Former player and now announcer for the New York Mets Keith Hernandez was once asked what he did that weekend. He responded that he had weeded his yard of quite a few unwanted Russian Olive seedlings. After enduring considerable ribbing from his fellow announcers who thought him rather silly for doing his own yard work when he could afford a fleet of gardeners he replied, “Where’s the fun in that?”
Now, what is to be gleaned from this is:
#1- You have to love the guy if only because he likes to garden perhaps as much as you do.
#2- Even the rich and famous have their fair share of weeds.
#3- Russian Olive must be an invasive plant.
According to the USDA’s Natural Resources Conservation Service it is exactly that. There are only a scant few states in which it is not considered “run amok” those being in the lower southeastern part of the United States. This is because the Russian Olive is only hampered by hot, humid summers and mild winter regions. It, however, can take any other punishment Mother Nature wants to dish out. It can take the bitterest, coldest winters, poor soil, blazing sun and even drought. No doubt this is what makes it a “noxious weed” or “potentially invasive” in many areas.
Of course, one gardener’s “invasive” is another’s “can’t live without it”. Such is the case with me and my lovely Russian Olive which I wouldn’t part with for all the world. It behaves rather nicely in my very own Arboretum. If you would like to talk invasive plants, however, I’ve an Ash tree, a massive Honeysuckle hedge and several Burning bushes that would surely qualify. But that is a tale for another time.
Botanically speaking the Russian Olive is known as Elaeagnus angustifolia. As any student of botany can tell you the name implies this small, deciduous, multi-stemmed tree or tall shrub is elegant in appearance and willowy with slender foliage. This foliage is 2 inches long with a pale greenish gray hue. The underside is almost a silvery white. It also has its own built-in defense system in the shape of haphazardly spaced 1-2 inch long and very sharp thorns. A hedge of Russian Olive would keep just about any intruder out or leave him cut up but good if he attempted to run through it.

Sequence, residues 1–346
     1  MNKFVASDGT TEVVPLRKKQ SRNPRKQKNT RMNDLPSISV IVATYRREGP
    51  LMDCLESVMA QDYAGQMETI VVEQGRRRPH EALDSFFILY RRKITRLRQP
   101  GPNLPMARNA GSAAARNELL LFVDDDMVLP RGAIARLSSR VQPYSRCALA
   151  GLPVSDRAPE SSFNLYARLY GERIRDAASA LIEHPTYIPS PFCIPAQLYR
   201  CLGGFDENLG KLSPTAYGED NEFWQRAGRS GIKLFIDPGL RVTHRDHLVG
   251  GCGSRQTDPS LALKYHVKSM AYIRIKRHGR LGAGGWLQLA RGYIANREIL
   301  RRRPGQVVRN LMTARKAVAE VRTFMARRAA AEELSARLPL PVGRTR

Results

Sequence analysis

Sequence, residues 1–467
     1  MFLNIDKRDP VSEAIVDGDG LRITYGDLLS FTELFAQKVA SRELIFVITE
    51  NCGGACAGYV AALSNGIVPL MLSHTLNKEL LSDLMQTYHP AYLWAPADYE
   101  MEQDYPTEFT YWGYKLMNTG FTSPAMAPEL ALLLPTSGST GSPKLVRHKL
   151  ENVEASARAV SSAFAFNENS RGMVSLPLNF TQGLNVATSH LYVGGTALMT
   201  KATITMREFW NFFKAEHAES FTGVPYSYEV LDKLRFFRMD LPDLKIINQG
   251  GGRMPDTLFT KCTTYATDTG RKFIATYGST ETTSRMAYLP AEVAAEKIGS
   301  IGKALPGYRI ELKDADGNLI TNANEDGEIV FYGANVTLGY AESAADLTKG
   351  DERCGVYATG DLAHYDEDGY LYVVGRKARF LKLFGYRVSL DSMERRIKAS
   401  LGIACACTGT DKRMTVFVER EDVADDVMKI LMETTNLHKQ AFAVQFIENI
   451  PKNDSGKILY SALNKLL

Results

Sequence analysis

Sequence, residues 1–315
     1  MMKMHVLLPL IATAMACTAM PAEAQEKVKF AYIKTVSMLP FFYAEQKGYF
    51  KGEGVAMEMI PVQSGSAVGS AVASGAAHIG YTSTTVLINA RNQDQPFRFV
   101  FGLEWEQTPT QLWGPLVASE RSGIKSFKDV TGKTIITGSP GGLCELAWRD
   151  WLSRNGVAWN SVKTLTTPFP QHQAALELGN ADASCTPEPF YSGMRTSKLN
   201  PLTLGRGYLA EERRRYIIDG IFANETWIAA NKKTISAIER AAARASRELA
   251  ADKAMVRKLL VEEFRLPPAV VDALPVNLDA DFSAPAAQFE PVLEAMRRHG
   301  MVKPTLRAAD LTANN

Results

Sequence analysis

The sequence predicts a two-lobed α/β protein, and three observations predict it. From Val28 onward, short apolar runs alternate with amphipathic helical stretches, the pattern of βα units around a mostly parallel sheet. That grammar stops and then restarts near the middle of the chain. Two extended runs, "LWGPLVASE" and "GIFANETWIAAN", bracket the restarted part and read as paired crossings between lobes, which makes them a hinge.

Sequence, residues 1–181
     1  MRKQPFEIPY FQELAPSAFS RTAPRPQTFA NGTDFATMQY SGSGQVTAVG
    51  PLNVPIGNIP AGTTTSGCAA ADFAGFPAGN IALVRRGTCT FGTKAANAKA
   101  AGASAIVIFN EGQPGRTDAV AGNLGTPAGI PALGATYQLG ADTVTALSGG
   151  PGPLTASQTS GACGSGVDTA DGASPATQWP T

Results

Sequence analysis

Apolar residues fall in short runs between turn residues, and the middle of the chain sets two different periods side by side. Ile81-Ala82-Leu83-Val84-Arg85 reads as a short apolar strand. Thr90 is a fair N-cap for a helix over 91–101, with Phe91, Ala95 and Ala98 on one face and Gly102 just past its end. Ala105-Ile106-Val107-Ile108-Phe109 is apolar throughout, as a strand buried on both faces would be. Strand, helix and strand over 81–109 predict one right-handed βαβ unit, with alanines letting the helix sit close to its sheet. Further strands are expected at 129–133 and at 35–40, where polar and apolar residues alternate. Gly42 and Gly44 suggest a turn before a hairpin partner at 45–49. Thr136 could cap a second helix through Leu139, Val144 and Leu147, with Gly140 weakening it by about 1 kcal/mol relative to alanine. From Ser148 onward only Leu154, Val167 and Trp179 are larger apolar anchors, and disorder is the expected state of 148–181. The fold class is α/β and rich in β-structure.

This fact doesn’t bother the birds who like to nest in large stands of Russian Olive bushes where they know they will be safe. Song birds also love to nibble on the tiny, sweet olive-like fruits which develop come mid-late summer. In spring along with Bradford Pears and Forsythia it bursts into bloom with a trillion tiny, rather insignificant but highly fragrant pale yellow or creamy white blooms. The perfume can be noticed from miles around. In fact, the highways where these grow in abundance never smell better than when these are blooming.
The Russian Olive can grow to 20 feet high but can be easily maintained smaller. It is apt to grow as a tree in the more dry, barren regions dropping some lower branches in an effort no doubt to conserve water but where moisture is plentiful it reverts to the shrub state unless the learned gardener does some artful pruning to keep a multi-stemmed tree form.
The Russian Olive makes a great specimen plant in the lawn which also serves to keep its invasive nature at bay. As a shrub it would make an excellent tall background, perfect for organic fencing, to define and separate garden rooms and as a sound and wind barrier when planted along noisy roadsides. It can even replace the ugly snow fence and its invasive nature could be put to good use in preventing erosion on steep banks and to soak up water in low-lying areas.
Is there anyone that can say this easy-going, virtually carefree, wildlife enticing, environmentally valuable and versatile plant isn’t a boon to almost any landscape? Possibly Keith Hernandez. As for me I’d be more than happy to trade some Ash tree saplings, baby Burning Bushes and little Honeysuckle shrubs in return for a few Russian Olive seedlings. If you see Keith Hernandez tell him for me.